Bear Grylls would have no problem at all in choosing a school for his sons, state or otherwise.
Perry also attacked Grylls’s show The Island:
Perry says it helps foster a masculinity that makes life in modern society more difficult.
Grylls responded in his usual gentlemanly style:
In the wild, quiet courage, humility, persistence and selflessness makes a man and also a woman. That is never outdated.
I agree with the Spectator when they say they’d be interested to see how Grayson Perry would fare in the wild — if only he could bring himself to leave leafy London.
Although I do not watch his shows, I’ll take Grylls’s alpha male masculinity any day, especially when he says:
my faith is a quiet, strong backbone in my life, and the glue to our family.
It’s time he was awarded an honour.
In reading the latest news and opinions on Brexit at PoliticalBetting.com — a fine resource for my fellow Britons, particularly the readers’ comments* — I ran across an interesting comment from a man who works for his family’s firm.
Recently, he was going through some old paperwork and discovered a note one of his cousins had penned in the 1930s:
God has been very good to our family. We have been asked to play a role in which we can serve the public, in a manner that is pleasant, and is not unrewarded in worldly terms.
Interestingly, the cousin started with a statement of thanksgiving, perhaps as a reminder to other family members. Then, he went on to describe their company as playing a pre-ordained role, as if God put them in that business for a particular reason. Judging by the last clause, they were very successful and, no doubt, continue to be so today.
It is a thoughtful, considered way to think of one’s family business.
* Read comments bottom to top.
Today, BBC1 broadcast the Queen’s 90th birthday walkabout from Windsor.
Tens of thousands attended and Her Majesty unveiled a plaque at The Queen’s Walkway, which is 6.3km long and marks 63 significant points of interest in the town.
Although the majority of well-wishers were British, a number of them, especially women, came from Commonwealth countries and the United States. One British-American group of women met in the crowd at the wedding of the Duke and Duchess of Cambridge. They have kept in touch ever since and made plans to attend this historic event.
Queen Elizabeth looked resplendent in a ‘spring grass green’ coat and matching hat trimmed with fresh white and yellow flowers. She was all smiles as she accepted cards, flowers and gifts from young and old alike. She deftly handed them to her lady in waiting. Groups of schoolchildren and adults sang Happy Birthday as she walked along the route. Prince Philip kept a discreet distance behind his wife and also talked to the crowds.
As one commentator put it, when it comes to meeting the public, the Royal Family say, ‘We’re in the happiness business’. The BBC interviewed a variety of celebrities and authors who have met the Queen. Everyone said that they were in awe of her but felt at home at the same time. They added that she puts you at the centre, however briefly.
Most people lining Windsor’s streets have never known any other British monarch. Sixty-three years and counting is a very long, intergenerational time — the longest any sovereign has ever ruled over our nation.
During that time, the world has seen rapid change and upheaval. One pundit said that the Queen’s presence gives us a sense of stability and continuity. No matter what happens, she is there with us as our head of state.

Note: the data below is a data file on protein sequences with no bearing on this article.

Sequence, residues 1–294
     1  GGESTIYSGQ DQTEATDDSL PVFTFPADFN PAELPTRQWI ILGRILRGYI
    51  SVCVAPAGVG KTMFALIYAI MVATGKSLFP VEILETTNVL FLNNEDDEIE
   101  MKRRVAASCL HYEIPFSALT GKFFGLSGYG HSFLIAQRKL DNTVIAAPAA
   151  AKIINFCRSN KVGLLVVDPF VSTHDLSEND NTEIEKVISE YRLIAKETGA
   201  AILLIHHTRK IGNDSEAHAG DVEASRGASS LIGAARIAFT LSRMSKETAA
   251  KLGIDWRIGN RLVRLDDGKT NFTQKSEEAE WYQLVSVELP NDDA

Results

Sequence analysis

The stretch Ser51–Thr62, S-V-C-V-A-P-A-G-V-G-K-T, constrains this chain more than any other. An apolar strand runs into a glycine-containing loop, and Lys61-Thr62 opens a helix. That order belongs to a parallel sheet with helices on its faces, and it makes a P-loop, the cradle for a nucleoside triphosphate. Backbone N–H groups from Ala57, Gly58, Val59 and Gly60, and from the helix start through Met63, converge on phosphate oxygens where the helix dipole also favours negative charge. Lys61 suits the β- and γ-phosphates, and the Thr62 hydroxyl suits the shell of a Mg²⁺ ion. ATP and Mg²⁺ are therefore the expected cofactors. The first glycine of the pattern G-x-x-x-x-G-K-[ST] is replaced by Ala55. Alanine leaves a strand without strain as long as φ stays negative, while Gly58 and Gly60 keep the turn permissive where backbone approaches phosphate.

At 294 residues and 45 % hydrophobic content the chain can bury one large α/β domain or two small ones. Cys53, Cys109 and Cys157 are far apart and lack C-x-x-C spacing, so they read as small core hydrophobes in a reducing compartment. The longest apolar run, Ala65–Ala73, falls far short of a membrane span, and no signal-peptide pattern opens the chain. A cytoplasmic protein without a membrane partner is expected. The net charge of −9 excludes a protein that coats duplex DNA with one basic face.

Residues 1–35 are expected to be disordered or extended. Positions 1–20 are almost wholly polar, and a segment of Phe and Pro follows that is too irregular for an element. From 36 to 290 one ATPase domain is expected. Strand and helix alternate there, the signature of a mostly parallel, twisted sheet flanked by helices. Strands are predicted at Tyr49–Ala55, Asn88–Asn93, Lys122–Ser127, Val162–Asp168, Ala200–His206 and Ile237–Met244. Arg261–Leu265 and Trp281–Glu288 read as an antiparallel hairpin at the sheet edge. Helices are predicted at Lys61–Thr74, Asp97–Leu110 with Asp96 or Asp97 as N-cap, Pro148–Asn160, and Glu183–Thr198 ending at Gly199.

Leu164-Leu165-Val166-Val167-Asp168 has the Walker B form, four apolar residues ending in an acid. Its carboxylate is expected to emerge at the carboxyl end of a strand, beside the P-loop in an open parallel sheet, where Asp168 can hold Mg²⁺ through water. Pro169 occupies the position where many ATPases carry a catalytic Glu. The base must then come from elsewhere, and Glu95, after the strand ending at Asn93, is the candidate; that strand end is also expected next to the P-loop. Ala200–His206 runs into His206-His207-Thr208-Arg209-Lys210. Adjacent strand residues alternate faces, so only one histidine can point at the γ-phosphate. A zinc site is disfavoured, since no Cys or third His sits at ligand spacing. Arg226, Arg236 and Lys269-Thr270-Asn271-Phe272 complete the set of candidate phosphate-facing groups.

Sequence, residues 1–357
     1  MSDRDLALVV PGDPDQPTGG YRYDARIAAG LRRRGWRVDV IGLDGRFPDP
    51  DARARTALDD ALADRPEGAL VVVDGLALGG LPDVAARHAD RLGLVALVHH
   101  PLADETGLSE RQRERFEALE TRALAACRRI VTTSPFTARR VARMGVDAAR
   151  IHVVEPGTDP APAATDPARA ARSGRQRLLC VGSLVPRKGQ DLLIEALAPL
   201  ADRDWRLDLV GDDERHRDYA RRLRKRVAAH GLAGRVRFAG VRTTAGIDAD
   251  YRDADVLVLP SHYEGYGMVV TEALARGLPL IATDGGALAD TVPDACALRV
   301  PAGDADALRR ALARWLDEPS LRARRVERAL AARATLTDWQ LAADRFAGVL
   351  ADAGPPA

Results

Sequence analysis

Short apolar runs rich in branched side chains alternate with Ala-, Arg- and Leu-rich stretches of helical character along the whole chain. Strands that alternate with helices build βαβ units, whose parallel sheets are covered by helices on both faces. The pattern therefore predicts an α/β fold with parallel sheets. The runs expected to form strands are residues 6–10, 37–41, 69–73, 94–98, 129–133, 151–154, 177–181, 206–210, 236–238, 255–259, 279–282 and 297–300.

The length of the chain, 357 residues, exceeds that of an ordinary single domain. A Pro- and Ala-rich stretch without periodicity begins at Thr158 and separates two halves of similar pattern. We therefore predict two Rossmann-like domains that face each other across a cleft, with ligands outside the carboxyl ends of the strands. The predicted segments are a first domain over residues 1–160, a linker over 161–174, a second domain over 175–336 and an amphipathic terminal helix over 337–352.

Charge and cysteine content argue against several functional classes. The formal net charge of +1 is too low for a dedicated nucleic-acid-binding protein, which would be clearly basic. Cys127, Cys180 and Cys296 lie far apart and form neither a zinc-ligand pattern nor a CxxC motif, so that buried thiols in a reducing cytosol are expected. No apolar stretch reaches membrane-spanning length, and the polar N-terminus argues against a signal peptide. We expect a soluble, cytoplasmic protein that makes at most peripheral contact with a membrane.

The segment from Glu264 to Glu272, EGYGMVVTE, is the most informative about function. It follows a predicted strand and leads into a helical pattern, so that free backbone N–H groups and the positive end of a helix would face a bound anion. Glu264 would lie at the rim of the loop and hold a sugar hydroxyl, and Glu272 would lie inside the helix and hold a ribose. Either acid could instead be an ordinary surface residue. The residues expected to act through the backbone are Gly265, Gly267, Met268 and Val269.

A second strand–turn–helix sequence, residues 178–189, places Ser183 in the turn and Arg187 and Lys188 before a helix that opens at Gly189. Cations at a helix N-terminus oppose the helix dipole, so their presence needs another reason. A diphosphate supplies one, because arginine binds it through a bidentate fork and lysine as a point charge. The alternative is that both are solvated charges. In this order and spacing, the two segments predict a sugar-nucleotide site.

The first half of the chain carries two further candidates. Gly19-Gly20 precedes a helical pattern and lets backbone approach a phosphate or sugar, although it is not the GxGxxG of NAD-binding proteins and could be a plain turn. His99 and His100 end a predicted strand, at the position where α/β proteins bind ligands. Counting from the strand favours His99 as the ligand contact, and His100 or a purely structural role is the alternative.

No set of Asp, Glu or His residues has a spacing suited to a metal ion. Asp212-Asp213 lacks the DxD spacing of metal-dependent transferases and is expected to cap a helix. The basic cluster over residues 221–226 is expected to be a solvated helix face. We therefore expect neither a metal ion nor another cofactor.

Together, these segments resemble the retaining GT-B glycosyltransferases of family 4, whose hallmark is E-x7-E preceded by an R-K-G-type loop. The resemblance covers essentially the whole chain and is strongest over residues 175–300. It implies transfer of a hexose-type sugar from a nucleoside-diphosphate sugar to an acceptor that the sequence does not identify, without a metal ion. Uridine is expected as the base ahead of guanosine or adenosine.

The mayor of Windsor and the Lord Lieutenant of Berkshire acted as hosts for the walkabout and tea party at the town’s Guildhall. At the Guildhall, the Queen and Prince Philip met several nonagenarians. The Queen then cut her birthday cake, made by last year’s Great British Bake Off winner Nadia. Another Bake Off contestant from the same series, Martha, also baked cakes for the party guests.
After spending time at the Guildhall, the Queen and Prince Philip stepped into a brand new custom Range Rover which has a large open-top roof, allowing both of them to stand and wave to the crowds as they were driven down streets in Windsor town centre. Someone dubbed it the Queenmobile.
This evening, the Queen will celebrate her birthday at Windsor Castle with 60 people, family and friends. Entertainment will be laid on.
A discussion took place as to whether the Queen knew what was being planned. Those in the know said that she probably did. She does not like surprises. She likes an orderly plan for everything.
They also said that while Queen Elizabeth presides as head of state, Prince Philip is the head of the household. He gives the orders for everything, including when to clear plates from the table. Servants watch him for the cue.
Commentators said that Windsor Castle really is the nexus for the Royal Family. Everyone feels comfortable there. They also consider Windsor as their home town. They know a lot of people there and feel an affinity with all the residents.
In closing, RMC (French talk radio) announced the walkabout on their morning news broadcasts. One of the talk show hosts also mentioned the new Royal website. He added that part of the job description for the site’s community manager, who also is in charge of tweets, is to have lunch with the Queen whenever she is in residence. How wonderful!
Queen Elizabeth turns 90 on Thursday, April 21.
Millions of people, not just in the UK but around the world, will wish her a very happy birthday and many happy returns.
Britons are blessed to have her as their head of state. She is the glue that holds us together.
What has made her so successful and well respected?
On October 31, 2015, Channel 4 broadcast How to Be Queen: 63 Years and Counting which revealed the ‘secrets’ of the woman who is more popular than ever.
Below is a countdown of the Queen’s ten secrets to No. 1 — the most important. The subheads below come directly from the programme and the text summarises its content.
10/ Stay out of politics
The film The Queen, starring Helen Mirren, explores this principle in depth, especially in the depictions of her conversations with then-Prime Minister Tony Blair.